|Name||Enstone Primary School|
|Ofsted Inspection Rating||Good|
|Inspection Date||18 June 2013|
|Address||Oxford Road, Enstone, Chipping Norton, Oxfordshire, OX7 4LP|
|Religious Character||Does Not Apply|
|Number of Pupils||97 (47% boys 53% girls)|
|Number of Pupils per Teacher||19.4|
|Percentage Free School Meals||3.1%|
|Percentage English is Not First Language||9.3%|
Information about this school
Enstone Primary is smaller than the average-sized primary school. The proportion of disabled pupils and those who have special educational needs supported through school action is well below average, although the proportion supported through school action plus or through a statement of special educational needs is above average. The majority of these have specific learning difficulties. Most pupils are of White British heritage and relatively few are from minority ethnic groups. The proportion of pupils supported by the pupil premium, which is extra government funding for particular groups, including pupils known to be eligible for free school meals, looked after children and pupils from service families, is well below the national average. The school meets the government’s current floor standards, which set the minimum expectations for pupils’ attainment and progress in English and mathematics at the end of Year 6. Enstone Pre-school runs on the school site. This is not managed by the governing body and is subject to separate inspection.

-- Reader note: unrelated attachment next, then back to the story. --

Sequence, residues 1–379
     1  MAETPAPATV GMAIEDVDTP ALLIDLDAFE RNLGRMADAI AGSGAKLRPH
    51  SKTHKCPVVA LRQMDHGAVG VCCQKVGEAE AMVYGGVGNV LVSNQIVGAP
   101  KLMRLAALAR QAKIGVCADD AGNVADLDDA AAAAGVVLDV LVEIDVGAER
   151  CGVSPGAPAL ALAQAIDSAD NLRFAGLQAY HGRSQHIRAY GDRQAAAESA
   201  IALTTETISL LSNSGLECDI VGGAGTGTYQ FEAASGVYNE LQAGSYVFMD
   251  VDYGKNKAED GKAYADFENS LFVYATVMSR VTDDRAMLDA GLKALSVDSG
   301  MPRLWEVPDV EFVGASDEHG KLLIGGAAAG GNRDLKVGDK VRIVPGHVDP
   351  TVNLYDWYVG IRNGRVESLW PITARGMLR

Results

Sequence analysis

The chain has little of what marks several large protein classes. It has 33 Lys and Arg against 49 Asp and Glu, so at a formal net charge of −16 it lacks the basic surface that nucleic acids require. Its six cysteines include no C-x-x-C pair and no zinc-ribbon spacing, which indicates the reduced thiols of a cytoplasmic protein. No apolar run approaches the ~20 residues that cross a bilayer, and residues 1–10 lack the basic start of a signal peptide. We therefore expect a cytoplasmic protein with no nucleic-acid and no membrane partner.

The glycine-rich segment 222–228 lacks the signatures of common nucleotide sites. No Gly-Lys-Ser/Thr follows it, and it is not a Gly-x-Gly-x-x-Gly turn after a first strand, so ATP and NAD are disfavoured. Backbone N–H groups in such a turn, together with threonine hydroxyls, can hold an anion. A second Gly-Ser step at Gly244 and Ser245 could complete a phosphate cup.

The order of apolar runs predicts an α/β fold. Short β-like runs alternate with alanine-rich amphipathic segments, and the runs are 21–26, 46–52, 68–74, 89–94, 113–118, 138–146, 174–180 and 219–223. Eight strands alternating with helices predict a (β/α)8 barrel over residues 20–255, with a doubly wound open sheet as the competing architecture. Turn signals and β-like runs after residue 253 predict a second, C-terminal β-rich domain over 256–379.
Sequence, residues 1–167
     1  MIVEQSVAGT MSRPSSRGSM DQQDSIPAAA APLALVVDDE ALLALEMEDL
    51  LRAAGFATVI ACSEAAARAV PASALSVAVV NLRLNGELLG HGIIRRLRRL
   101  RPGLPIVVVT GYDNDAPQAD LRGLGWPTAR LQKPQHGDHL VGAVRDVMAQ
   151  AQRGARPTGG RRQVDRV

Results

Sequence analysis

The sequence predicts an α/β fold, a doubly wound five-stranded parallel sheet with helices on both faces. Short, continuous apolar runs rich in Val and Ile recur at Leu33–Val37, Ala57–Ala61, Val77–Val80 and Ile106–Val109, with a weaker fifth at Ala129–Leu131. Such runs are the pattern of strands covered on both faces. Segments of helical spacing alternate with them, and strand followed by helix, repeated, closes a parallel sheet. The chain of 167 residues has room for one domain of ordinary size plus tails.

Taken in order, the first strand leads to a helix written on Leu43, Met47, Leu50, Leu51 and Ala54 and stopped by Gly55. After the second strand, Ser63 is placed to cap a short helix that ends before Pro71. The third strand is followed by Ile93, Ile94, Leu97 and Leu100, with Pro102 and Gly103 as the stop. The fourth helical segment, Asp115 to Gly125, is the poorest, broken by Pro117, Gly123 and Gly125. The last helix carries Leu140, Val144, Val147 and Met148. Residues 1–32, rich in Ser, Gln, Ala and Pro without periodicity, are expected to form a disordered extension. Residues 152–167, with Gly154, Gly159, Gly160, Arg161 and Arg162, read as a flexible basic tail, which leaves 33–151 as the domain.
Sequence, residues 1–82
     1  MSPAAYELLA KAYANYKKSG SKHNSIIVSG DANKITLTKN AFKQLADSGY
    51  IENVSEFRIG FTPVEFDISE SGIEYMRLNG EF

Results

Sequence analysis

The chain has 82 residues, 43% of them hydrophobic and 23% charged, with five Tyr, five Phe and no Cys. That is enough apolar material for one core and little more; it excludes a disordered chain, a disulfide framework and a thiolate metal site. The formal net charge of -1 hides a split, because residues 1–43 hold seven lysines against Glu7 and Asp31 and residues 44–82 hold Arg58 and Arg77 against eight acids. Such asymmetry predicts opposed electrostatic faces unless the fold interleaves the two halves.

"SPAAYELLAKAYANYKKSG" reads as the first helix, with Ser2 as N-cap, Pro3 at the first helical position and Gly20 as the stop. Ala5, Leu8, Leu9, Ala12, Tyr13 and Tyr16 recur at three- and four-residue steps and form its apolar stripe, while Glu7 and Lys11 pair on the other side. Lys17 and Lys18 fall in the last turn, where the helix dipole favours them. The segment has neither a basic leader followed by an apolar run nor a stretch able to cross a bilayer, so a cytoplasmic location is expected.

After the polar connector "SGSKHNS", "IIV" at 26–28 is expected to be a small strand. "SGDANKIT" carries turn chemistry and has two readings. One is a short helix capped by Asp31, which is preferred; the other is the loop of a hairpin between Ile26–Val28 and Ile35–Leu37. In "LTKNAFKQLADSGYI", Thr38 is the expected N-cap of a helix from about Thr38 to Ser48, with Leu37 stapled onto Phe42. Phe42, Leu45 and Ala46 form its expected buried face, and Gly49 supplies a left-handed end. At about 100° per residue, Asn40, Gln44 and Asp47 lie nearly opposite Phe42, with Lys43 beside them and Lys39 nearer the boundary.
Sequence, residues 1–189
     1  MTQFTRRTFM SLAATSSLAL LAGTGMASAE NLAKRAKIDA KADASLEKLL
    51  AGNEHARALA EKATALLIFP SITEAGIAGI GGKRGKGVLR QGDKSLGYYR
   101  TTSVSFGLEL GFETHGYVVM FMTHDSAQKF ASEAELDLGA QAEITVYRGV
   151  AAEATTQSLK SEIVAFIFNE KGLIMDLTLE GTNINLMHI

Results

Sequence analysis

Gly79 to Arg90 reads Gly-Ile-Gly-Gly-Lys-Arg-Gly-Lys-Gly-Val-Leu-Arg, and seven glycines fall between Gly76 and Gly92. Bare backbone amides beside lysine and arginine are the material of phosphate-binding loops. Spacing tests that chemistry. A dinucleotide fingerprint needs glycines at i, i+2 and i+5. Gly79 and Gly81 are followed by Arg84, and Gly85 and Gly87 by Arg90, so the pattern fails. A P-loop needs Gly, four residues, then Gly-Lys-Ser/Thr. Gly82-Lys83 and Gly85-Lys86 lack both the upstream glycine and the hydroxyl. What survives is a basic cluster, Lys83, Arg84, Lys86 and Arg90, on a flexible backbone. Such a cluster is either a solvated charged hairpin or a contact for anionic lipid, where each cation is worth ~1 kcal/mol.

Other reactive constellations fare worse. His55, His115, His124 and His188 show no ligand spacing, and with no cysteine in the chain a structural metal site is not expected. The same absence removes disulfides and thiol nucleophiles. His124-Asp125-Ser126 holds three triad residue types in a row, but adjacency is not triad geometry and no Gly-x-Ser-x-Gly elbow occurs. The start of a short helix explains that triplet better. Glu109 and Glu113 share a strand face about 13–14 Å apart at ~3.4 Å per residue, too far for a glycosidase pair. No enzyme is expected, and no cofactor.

Summary of key findings for parents and pupils
This is a good school. Pupils make good progress and achieve well in English and mathematics. Their achievement in reading is a particular strength. The quality of teaching is good because : lessons are planned to meet the learning needs of all pupils. The focus on phonics (the sounds letters make) and writing has ensured that pupils have made good progress this year. Pupils behave well, feel safe and have positive attitudes towards their learning. Pupils have a wide range of experiences in many subjects that enhance their learning. All pupils, especially those for whom circumstances could make them vulnerable, are cared for and supported well. Senior leaders and managers lead a strong drive for improvement and have high aspirations for pupils. Consequently, the school has maintained many of the strengths from the previous inspection. The governing body has a clear understanding of the school and monitors the key areas for development well. Relationships with parents and carers are strong. It is not yet an outstanding school because : Progress in mathematics, although now much improved, is not as strong as in English. There are not enough opportunities for pupils to practise problem solving skills in other subjects. Teachers do not check frequently enough in lessons that pupils are making rapid progress. Pupils do not have enough opportunities to assess their own targets or respond to teachers’ marking. While senior leaders carefully check pupils’ current progress, they do not check that pupils make at least good progress from their starting points. Not all senior leaders are involved in checking the quality of teaching. Those that are do not always focus well enough on the progress of groups of pupils in lessons.